Hawke's Bay kayaker Aimee Fisher's late decision to a tackle a third event at the junior world championships in Canada has paid off big time.
Fisher, 18, and Gisborne's Kim Thompson won bronze in their K2 500m final on Monday. Romanian and Spanish crews were first and second respectively and the Kiwi duo pipped Poland in a nail-biting battle for bronze.
"I very nearly didn't do K2, I thought three events would be too much at an international regatta. It was only a couple of weeks out when Alan [Olympic Games gold medallist Alan Thompson] managed to convince me to do it with his daughter. I was originally so set on saying no," Fisher said yesterday as she reflected on her success.
Karamu High School product Fisher and Thompson's bronze is New Zealand's first junior world championship medal. Our previous best was a third in a B final by Lisa Carrington in 2007.
Olympic Games gold medallist Carrington was among the first to congratulate Fisher by text.
"I was absolutely hysterical when they announced our third placing. We only just pipped the Polish crew. I feel like I had the race of a lifetime ... I think we were like sixth with 200m to go and we just brought it home," Fisher explained.
Earlier on Monday Fisher, a first year bachelor of business studies student at EIT, finished fifth in her K1 200m final. She had hopes of a top three finish and finished 0.1 of a second off third and 1.478 seconds behind the Danish winner Emma Jorgensen.
"So like the K4 [Fisher was a member of the Kiwi K4 team which finished sixth on Sunday] it was a photo finish. It's a bit cruel to miss out by that much, but hey that's sport. It just makes you appreciate how much every stroke counts.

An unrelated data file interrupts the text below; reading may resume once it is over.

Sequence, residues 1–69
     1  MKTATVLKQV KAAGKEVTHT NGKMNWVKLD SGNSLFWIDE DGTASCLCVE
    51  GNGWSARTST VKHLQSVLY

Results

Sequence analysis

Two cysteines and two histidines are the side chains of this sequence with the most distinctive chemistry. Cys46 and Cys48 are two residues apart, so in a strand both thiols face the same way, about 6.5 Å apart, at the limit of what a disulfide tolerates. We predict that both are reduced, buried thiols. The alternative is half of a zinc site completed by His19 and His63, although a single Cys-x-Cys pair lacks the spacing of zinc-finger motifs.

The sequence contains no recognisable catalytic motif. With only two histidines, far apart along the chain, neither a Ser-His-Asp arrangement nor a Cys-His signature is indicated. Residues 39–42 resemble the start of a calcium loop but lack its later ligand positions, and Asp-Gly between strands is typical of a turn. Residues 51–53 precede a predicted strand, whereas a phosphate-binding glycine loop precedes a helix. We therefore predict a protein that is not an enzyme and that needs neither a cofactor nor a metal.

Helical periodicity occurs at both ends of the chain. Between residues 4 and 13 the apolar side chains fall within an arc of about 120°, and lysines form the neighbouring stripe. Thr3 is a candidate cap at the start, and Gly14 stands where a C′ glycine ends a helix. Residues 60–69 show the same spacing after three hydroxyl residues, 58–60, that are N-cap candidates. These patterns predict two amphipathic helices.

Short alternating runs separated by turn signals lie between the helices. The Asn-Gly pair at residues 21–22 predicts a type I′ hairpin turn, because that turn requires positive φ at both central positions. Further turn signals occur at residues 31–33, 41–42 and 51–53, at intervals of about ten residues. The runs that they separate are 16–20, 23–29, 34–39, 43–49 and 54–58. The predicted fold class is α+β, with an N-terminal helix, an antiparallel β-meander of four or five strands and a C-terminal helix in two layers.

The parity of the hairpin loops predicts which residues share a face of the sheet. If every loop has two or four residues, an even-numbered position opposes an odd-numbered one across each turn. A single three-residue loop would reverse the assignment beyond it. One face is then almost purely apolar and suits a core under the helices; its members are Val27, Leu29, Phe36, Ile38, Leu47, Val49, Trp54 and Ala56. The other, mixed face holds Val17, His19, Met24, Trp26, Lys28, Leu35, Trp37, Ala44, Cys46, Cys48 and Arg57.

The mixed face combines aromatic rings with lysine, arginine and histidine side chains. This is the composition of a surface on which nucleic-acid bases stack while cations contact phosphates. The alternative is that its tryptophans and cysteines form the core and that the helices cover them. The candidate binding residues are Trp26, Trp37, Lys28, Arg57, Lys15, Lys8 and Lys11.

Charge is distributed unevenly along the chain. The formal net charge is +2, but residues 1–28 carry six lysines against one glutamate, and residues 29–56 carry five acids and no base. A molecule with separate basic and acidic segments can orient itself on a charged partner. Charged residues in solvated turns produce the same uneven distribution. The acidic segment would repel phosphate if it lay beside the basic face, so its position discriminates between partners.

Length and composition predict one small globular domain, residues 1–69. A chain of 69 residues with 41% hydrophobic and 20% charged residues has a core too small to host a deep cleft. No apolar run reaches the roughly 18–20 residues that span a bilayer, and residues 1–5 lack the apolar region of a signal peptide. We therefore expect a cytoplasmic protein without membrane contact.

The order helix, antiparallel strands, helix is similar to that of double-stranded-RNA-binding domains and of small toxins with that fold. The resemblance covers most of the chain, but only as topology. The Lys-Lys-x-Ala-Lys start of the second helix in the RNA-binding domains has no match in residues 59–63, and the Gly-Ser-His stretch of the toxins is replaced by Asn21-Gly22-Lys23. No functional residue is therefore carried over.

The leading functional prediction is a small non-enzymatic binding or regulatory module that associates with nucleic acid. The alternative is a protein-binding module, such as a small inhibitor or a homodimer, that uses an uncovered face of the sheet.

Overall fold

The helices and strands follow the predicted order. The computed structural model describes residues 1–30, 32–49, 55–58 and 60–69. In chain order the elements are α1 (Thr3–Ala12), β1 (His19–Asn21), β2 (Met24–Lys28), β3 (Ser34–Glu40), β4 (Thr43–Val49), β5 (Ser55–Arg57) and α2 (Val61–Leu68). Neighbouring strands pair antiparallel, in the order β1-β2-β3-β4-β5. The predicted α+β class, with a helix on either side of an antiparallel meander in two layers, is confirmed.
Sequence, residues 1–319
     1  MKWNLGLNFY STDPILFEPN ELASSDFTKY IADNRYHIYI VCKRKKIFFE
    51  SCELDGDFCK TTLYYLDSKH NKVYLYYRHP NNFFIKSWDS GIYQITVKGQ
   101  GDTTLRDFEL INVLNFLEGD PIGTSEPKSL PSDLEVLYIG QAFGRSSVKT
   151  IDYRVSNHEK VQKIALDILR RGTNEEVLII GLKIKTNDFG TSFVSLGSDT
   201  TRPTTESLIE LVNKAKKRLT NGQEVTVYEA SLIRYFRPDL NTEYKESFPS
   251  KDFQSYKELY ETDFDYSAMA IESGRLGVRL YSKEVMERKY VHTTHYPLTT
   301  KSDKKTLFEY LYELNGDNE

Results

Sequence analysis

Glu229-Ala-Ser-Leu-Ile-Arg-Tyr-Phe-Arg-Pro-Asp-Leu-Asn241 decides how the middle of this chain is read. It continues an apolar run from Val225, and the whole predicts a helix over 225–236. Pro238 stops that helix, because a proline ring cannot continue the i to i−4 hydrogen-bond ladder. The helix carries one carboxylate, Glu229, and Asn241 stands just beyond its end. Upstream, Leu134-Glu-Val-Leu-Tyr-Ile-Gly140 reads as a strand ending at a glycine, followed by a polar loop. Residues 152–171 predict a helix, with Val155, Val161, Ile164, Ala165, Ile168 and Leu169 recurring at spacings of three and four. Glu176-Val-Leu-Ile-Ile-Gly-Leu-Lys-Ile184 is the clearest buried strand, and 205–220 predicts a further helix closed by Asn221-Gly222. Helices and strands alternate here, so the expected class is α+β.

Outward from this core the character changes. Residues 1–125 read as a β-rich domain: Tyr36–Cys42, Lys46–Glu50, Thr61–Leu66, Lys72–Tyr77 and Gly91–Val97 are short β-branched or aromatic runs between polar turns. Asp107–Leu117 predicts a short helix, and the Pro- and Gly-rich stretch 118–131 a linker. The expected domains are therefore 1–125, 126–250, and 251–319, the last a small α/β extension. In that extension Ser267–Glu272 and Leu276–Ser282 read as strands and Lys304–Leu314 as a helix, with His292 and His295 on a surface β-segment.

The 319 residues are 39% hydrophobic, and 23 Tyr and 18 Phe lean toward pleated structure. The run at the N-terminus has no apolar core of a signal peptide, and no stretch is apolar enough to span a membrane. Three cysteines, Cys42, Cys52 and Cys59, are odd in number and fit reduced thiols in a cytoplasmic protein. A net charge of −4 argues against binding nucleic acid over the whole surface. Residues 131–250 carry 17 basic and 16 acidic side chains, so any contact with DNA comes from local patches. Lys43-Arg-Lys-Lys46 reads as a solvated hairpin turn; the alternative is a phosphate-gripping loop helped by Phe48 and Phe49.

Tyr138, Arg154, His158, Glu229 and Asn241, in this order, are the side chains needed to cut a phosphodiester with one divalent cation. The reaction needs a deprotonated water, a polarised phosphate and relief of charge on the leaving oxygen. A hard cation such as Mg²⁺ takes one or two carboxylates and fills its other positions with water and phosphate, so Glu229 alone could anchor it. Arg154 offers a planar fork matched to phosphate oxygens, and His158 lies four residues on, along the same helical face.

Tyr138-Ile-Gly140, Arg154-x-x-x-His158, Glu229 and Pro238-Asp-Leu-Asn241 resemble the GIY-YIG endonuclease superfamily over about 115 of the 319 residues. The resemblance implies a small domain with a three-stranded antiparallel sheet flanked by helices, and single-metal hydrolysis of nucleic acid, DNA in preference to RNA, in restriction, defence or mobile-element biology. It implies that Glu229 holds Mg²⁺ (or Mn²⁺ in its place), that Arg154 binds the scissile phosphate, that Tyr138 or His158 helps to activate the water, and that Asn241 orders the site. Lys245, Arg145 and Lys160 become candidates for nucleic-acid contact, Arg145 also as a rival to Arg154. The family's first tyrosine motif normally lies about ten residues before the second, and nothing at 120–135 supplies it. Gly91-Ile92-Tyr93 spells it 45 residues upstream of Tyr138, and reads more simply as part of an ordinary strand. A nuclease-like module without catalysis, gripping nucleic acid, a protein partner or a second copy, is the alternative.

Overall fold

"If I had applied a little bit more pressure to the blade in the last couple of strokes it could have been a different result. But I'm not upset about it, I gave it my all. It hasn't been the ideal buildup, for the last four weeks I haven't been hitting my usual maximum speeds which has been pretty upsetting.
"But it's been a really good learning experience and I can't wait to get home and start training, those girls better watch out," the Jarrod Cunningham Trust and Aspyre Fitness-sponsored Fisher said.
"Team boats cost me an individual medal but I have no regrets ... I'm still coming home with a medal."
Fisher's father Chris said the four-day championships had been an emotional roller coaster.
"There has been a lot of disappointment and a lot of satisfaction. After she missed out on a medal in the K1 Aimee knew she had to lift herself for the K2 ... she had a cry and we went through the reasons.
"She managed to control her emotions ... in the past she hasn't been as good at doing that at international events," he said.
He pointed out his daughter now has a good chance of scoring a Prime Minister's scholarship which will pay for her studies at EIT.
Fisher's coach for the past three years, Ben Bennett of Napier, said Fisher exceeded his expectations in all of the events apart from the K1 where he was hoping for a medal.
"To come out later in the day with Kim and win bronze was brilliant."
Bennett added that while it would have been nice to be in Canada with Fisher he was able to watch live streaming of her races and pass on regular tips. He is looking forward to her progress in the under-23 and open women's ranks on the national scene next summer.